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Psychonauts 2 is the trippy, introspective follow up fans have been waiting for | Preview

Psychonauts 2 returns us to the weird, trippy world created by the minds of developers Double Fine Productions. 16 years since the release of the original Psychonauts and four years since the VR entry Psychonauts in the Rhombus of Ruin, not a whole lot has changed for Raz and the core cast of characters dreamt up by creative director Tim Schafer and co.

Psychonauts has become a cult classic for many. It was released by Double Fine back in 2005 after Schafer helped found the studio. While the game didn’t find commercial success, a devoted fan base formed around the platformer and its uniqueness. Players latched on to the character Raz, and the quirky landscape. Although Rhombus of Ruin provided a bit of a follow-up to longtime fans, it wasn’t the true sequel the series needed.

We’re now on the heels of Psychonauts 2’s Aug. 25 release. In the lead-up, I had the chance to sit down and play through segments of the game, and also chat with Schafer and the creative team of Double Fine Productions. Although many years have come and gone since the studio first released the game, it feels as though no time has passed at all. Players should prepare for an introspective journey into the human psyche, and a healthy dose of heart and humor.

So this is it… the mental world

Psychonauts 2 takes place immediately after Rhombus of Ruin. After saving the Grand Head of the Psychonauts Truman Zanotta from the mind of ex-dentist Dr. Loboto, Razputin and his new girlfriend Lili, accompanied by Sasha and Milla, head to Psychonauts HQ. Following the events of the previous games, this is our first chance to see Raz step into the  Psychonaut ranks in an official capacity.

“I wanted to show the headquarters of the Psychonauts,” Schafer explained. “I wanted Raz, who has always dreamed of working for the Psychonauts, not just going to their summer camp but for being in the center of the action.”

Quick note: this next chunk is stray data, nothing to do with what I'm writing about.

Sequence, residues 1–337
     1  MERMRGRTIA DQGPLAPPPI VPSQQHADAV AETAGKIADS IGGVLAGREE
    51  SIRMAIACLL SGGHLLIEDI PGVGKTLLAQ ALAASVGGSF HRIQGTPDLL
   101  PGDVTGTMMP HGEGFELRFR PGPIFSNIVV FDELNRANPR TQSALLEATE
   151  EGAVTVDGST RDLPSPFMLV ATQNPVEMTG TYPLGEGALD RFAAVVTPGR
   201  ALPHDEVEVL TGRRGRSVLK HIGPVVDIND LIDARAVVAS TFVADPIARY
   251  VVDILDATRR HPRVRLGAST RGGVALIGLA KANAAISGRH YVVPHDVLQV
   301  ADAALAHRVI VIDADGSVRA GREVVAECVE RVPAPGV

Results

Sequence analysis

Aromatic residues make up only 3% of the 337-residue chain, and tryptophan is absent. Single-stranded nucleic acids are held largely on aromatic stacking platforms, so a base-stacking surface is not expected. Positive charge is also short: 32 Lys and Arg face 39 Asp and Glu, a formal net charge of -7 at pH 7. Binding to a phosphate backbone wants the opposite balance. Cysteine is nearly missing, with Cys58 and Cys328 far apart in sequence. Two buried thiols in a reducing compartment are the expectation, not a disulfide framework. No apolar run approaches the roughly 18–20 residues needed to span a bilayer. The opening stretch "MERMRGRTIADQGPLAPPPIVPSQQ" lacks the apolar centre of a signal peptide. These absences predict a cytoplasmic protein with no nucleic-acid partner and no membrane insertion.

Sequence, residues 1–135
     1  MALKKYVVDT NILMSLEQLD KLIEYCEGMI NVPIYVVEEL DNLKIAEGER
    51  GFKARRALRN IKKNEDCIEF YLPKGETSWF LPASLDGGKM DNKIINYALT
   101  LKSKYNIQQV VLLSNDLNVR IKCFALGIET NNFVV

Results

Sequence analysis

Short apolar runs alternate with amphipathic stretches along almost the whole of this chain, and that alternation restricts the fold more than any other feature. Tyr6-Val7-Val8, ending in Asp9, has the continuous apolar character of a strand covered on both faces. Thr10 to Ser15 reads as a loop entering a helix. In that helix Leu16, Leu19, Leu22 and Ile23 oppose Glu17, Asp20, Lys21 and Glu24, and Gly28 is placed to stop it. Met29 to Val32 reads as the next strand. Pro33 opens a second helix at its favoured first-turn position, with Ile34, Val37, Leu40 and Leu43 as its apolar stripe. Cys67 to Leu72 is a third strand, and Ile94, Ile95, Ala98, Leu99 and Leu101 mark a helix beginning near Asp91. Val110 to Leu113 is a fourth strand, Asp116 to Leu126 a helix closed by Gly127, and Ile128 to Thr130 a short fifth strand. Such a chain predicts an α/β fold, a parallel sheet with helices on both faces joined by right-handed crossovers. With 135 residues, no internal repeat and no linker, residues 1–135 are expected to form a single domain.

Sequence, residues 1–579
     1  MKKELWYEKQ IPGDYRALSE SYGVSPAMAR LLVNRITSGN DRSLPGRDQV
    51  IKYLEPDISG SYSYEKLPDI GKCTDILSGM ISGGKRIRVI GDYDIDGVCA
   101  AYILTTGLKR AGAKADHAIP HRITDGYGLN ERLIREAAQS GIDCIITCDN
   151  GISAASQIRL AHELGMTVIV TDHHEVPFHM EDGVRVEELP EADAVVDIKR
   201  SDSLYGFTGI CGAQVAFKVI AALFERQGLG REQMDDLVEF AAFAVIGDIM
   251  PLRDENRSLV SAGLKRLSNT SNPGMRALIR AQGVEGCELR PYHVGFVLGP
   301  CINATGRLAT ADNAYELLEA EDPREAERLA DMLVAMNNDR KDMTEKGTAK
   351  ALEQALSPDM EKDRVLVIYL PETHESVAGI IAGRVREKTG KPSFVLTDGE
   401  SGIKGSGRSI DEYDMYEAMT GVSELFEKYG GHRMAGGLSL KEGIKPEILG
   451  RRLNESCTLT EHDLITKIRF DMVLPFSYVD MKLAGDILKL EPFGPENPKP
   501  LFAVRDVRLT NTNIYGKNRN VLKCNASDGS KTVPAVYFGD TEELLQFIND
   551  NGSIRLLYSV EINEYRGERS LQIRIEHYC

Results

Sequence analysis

Image credit: Double Fine

We get a glimpse of this first hand in the opening moments of Psychonauts 2. In an attempt to get answers on who he is working for, Raz dives deep into Loboto’s psyche. It’s here that we get a refresher course into character relationships, core mechanics, and how creative the Psychonauts world can be. Raz is still very much the character we remember: very well-intentioned, but a bit over his head.

I was treated to a brief tutorial outlining Raz’s Psi-Powers, like telekinesis, pyrokinesis, clairvoyance, and levitation. Each of these powers was introduced in previous games, and Raz still has access to them. However, they will be underpowered at the start, and  players will be able to customize which Psi-Powers to invest points into throughout the game.

The gang’s all here

Psychonauts 2, based on what I experienced, is undeniably Double Fine. It has that style, texture, and vision that could only come from Schafer and his team of creatives. It did help to have Richard Horvitz’s voice, returning as Raz, usher players in with a quick recap at the beginning. On top of Horvitz returning, actors Nikki Rapp, Stephen Stanton, Alexis Lezin, and more return to their respective roles.

“Every character was able to return, which was really fortunate,” Schafer told us. “They just help it feel so much like Psychonauts 1. Their voices sound incredible, and they jump right back into character.”

Image credit: Double Fine Productions

Although we are far beyond the technical limitations put on the team back in the early 2000s, Double Fine kept the authentic art style of Psychonauts.

“When stuff was made for the very first game, we were thinking a lot about Nightmare Before Christmas, the Tim Burton movie,” Schafer shared.

“We definitely started with what we did with the first game,” art director Lisette Titre-Montgomery added. “Nothing is symmetrical, nothing is the same size. Everything is slightly off-kilter. That helps us make sure the player always feels like something is a little off in the construct, and that someone’s mind is unstable.”

This art philosophy shines in the very first level of the game. As you explore Loboto’s brain level, you’ll find that it is composed of teeth, orthodontic tools, and other items all amalgamated into an environment, suited for the unhinged antagonist.

Class is now in session

Once acclimated to the world and the story, Psychonauts 2 really began picking up for me when arriving at The Motherlobe. Echoing Schafer’s sentiments, this is a big moment for players and for Raz. Taking his first steps into the HQ, Raz is quickly introduced to Hollis Forsythe, who took over during Zanotta’s absence.

Forsythe places Raz in her internship program alongside other young Psychonauts. Walking through the hub world of The Motherlobe, I finally gained a real sense of how the Psychonauts operate.

Image credit: Double Fine Productions